Naked States details
|Format:||15 LOVEFiLM Instant|
|Genres:||Documentary - General, Special Interest|
|Collections:||Something Saucy, Weird and Wonderful|
|1hr 13 mins||15|
LOVEFiLM Instant Information
|Run time:||1 hour 13 minutes|
|Rental release:||To be confirmed|
Most helpful review
Abandon your inhibitions and become liberatedBy lele_poco (46 reviews) from Croydon , 02 Sep 2011
[Highly rated reviewer]This documentary follows artist Spencer Tunick who was an unknown photographer at the time of this documentary. Spencer travels all 50 states of America finding models to pose for him, some states are more repressed than others and it is charming seeing him win over some people with promise of a 'liberating experience'.
This documentary is about freedom, passion, the beauty of the human body, acceptance and celebration!
Spencer attempts to gain recognition in the world of art and is helped by the overwhelming amount of people willing to shed their clothes and pose nude to make his visions a reality.
It was inspiring to see Spencer achieve his dream
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Naked Fun.By Loopgrinder (119 reviews) , 11 May 2013Only shocking and provocative if the human form upsets you - and it would seem that it does upset some, certainly the authorities. A good little behind the scenes documentary following photographer Spencer Tunick and his crew as he tries to encourage the public to remove their clothes for the sake of art. And in doing so not only creates some iconic images but also helps some of his subjects become liberated along the way.
The human condition and liberationBy wildthing22 (13 reviews) , 12 Jan 2013This is a great documentary about the human sense of themselves naked. Humbling,funny,inspiring and though provoking. I was in tears during the photo shoot of the young black woman and young white woman standing on the American flag,so beautiful and humbling. The only annoying point for me was Spencer Tunick himself,I found him whiny,a boring artist as 90% of his photo's were of the people laying down on mass,the most interesting shots were when there were only a few people in the shot in a wider range of poses. The real stars of this film are all the amazing human beings who posed nude for him.
Pubic LibraryBy Chuquai (32 reviews) from London , 29 Oct 2012It's an interesting behind the scenes look at producing art with a view to public display, also a lot of views of pubic display.
Exploration of art or just advertisement of an artist?By NikM (23 reviews) from Portsmouth UK , 19 Oct 2012As a naturist I was initially drawn to what views would be presented on the public naked form, then my interest in photography as an art genre and to explore the work of Spencer Turnick, who I had read about briefly but nothing more.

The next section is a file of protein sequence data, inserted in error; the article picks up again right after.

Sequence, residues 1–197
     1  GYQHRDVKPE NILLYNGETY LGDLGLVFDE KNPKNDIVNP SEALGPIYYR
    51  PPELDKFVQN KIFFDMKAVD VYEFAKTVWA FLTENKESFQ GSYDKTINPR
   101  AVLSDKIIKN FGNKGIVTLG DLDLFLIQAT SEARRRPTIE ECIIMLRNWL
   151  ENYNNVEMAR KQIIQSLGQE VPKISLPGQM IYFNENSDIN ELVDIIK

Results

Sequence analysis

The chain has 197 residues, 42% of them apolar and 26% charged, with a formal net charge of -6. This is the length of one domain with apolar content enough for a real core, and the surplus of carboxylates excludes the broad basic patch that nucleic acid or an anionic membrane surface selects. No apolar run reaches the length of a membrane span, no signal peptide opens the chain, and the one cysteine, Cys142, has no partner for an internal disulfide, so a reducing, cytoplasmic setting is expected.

In my opinion not enough in this documentary explores the artists choice to specialize in this subject matter.
We constantly hear the word 'liberating' from the participants, a word that is used in all activities that include the naked form so no great insight here.
The documentary does present Spencers work and get it to a larger audience but then I was left feeling it was motivated by that and that alone, financially opportunist rather than exploring motive and ideals and art.
I did enjoy the documentary and did gain exposure to his work which I liked; although I think he over played the naked masses laying down looking away from camera shots in this tour.
It did get me looking for other pieces of Spencers work online, which in my view showed his growth within his art, so to that end the film achieved its goal.
Do not switch off at the credits though. Other documentaries are advertised and right at the end is another piece of Spencers work which many I fear would have missed.
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Peeling the morals offBy a customer , 25 Aug 2012The work of art presented in this documentary is great. Besides natural beauty of human beings, it also reveals the power and pleasure of individual and collective freedom versus the emptiness and non-sense of moralistic systems. Well done to the artist's persistence. The documentary itself could have been better, though, if it explored more deeply the moral issues around the work and shared more of the participants' experiences.